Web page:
Delaying Phase Out of Nuclear Reactors

The energy crisis is projected to prompt a change in nuclear energy legislation in Germany. Politicians are being lobbied to postpone the shutdown of nuclear reactors in Germany. Furthermore, German Environment Minister, Svenja Schulze is under immense political pressure to delay the phase out of the remaining nuclear reactors and provide the German electricity market with an additional supply source for 2022 and beyond.

Why is the delay being considered?

The nuclear phase out in Germany is to be completed by the end of 2022. The last 3 nuclear reactors (Emsland, Isar 2 and Neckarwestheim 2) are projected to go off grid by the end of 2022. However, amid the energy crisis, Destatis figures show that Germany’s reliance on nuclear energy increased in Q4 2021, in the midst of rising gas and coal prices.

This in turn has led politicians to consider the delay in phasing out nuclear energy to potentially 2023 or 2024. There is consensus amongst policymakers that the climate target for 2030 could still be achieved, even if Germany delays the nuclear phase out. An amendment to the Nuclear Power Act could extend the lifeline of these nuclear reactors and provide a valuable source of electricity amid a volatile price environment.

Political pressure

Currently, there is significant social and political pressure on Svenja Schulze. German gas, coal and electricity prices are at historic highs. Moreover, the phasing out of nuclear power from the generation mix in the midst of a global energy crisis is attracting criticism from the public as well as political opponents. The likelihood that there is a delay in the phase out of the remaining 3 nuclear reactors in Germany will be clearer in Q1 2022.

However, there is a strong possibility that a delay will be announced. The volatile price environment during December 2021 could accelerate the German government’s decision. Meanwhile, policies enacted by the French government are expected to reinforce Germany’s decision to delay the phase out of the remaining 3 nuclear reactors.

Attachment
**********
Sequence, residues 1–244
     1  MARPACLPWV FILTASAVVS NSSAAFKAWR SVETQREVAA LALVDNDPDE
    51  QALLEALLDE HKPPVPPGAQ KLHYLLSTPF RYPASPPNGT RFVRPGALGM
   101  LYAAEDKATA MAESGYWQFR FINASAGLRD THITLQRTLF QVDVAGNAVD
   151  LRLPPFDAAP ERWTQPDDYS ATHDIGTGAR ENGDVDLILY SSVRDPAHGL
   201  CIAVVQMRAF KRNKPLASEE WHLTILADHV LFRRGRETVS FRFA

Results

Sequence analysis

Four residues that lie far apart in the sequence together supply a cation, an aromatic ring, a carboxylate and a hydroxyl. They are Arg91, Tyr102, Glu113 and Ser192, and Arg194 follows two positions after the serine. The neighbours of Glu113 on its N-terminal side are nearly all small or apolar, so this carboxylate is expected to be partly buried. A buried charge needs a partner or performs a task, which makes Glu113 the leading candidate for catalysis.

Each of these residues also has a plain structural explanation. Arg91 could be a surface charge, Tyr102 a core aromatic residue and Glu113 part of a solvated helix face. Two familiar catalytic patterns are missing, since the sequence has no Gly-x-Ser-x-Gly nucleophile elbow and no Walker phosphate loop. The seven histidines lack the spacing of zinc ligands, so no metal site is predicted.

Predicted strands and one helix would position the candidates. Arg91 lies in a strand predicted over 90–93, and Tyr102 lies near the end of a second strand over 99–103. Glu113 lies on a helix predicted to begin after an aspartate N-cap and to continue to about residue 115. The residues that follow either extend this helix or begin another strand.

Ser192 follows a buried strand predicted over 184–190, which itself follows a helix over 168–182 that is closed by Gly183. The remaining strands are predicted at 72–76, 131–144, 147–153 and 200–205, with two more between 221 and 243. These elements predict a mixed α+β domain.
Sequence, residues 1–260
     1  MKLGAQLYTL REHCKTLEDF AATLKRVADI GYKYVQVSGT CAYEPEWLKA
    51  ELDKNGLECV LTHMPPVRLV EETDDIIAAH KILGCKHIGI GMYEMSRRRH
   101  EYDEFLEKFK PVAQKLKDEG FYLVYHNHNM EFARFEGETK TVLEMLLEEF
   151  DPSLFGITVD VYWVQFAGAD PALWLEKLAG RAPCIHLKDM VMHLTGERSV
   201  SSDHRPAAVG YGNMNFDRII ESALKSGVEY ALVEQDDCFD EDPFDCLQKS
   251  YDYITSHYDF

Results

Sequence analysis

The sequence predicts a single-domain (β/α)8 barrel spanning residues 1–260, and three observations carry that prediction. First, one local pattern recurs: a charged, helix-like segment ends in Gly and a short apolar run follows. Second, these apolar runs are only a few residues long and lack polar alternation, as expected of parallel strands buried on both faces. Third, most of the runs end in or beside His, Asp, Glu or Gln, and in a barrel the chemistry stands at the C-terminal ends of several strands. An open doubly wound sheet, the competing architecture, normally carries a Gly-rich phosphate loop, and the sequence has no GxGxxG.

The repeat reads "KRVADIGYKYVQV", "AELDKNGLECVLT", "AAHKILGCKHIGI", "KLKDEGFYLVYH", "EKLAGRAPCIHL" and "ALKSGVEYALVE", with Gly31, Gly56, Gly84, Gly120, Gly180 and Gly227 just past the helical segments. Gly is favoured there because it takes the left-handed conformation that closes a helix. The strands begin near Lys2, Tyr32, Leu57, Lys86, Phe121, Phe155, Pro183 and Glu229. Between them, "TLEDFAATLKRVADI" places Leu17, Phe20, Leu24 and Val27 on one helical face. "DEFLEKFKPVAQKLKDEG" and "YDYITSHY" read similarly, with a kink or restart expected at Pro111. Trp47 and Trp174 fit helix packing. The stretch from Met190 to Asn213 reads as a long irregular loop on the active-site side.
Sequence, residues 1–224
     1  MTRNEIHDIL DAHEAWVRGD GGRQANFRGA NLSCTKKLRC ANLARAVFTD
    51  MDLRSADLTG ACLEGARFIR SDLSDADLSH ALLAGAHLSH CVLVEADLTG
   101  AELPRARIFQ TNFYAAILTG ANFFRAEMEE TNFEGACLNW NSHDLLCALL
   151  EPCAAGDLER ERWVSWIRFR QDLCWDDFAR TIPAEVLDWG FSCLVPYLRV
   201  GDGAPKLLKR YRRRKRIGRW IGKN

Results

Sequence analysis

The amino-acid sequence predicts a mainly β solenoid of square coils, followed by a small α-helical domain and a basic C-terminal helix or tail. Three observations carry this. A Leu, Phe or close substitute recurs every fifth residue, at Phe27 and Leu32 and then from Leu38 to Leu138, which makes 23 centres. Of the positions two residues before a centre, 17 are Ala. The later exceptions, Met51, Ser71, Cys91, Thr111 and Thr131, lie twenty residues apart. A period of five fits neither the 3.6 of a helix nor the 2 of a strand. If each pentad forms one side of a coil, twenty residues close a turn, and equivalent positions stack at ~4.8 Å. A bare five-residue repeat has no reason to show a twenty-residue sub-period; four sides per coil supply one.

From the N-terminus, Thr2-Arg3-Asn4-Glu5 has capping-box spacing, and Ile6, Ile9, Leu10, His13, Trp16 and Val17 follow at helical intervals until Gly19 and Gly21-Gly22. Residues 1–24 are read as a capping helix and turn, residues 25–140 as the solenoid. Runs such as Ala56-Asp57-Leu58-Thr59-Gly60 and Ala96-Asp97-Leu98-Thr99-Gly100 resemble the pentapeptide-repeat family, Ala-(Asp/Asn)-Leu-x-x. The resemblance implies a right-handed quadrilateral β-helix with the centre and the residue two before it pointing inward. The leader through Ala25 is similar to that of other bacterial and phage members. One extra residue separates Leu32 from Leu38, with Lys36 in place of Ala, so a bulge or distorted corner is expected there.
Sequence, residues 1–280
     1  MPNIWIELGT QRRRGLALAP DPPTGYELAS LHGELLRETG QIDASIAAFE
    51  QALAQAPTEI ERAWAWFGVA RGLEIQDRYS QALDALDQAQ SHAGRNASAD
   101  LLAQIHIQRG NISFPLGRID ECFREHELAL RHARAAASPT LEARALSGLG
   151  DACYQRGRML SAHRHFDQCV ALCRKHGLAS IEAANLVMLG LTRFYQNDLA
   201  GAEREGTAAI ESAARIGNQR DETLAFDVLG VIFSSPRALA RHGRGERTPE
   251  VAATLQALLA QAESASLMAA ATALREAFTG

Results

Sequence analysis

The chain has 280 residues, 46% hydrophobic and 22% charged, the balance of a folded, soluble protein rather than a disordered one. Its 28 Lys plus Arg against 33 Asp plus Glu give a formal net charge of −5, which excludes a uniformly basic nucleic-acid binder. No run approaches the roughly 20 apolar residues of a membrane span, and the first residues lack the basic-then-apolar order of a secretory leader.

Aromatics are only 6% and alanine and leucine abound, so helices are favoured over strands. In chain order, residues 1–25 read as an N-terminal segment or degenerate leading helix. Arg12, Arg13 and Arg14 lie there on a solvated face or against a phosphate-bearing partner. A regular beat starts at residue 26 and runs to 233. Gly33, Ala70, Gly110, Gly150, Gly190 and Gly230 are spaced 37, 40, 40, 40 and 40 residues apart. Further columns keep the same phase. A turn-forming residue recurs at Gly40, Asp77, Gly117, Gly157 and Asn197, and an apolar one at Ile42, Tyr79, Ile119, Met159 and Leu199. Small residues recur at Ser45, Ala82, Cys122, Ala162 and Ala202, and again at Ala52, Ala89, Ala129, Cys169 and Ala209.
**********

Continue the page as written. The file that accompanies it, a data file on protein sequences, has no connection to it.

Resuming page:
Influence from France

Furthermore, French President Emmanuel Macron’s commitment to nuclear energy could influence German policymakers in delaying the nuclear phase out. France is expected to build new nuclear reactors in order to maintain its energy security and meet its climate change goals. Macron, amid the current energy crisis wants to keep energy costs at a reasonable level and reduce dependence on imports.

Nuclear energy accounts for almost 75% of France’s power production. Under former President Francois Hollande, France aimed to limit nuclear’s share of the national electricity generation mix to 50% by 2025. However, under a draft energy and climate bill in 2019, France delayed the planned reduction of 50% by a decade, from 2025 to 2035.

The change in French legislation in favour of nuclear energy in 2019, whilst adhering to the 2030 climate goals, has led German policymakers and the public to believe that the decision to phase out the remaining 3 nuclear reactors will not be detrimental to climate goals and could ease supply pressures, in the face of the current energy crisis.

The outlook for 2022

The legislation to delay the phase out is currently being discussed amongst German politicians. Reports around whether there will be a delay in the nuclear phase out is likely to be announced during Q1 2022. If the forward curve for gas and electricity continues to rise over January 2022, then the policy is expected to be enacted with certainty.

By Ramnikh Kular

Energy Trader – Northern Gas and Power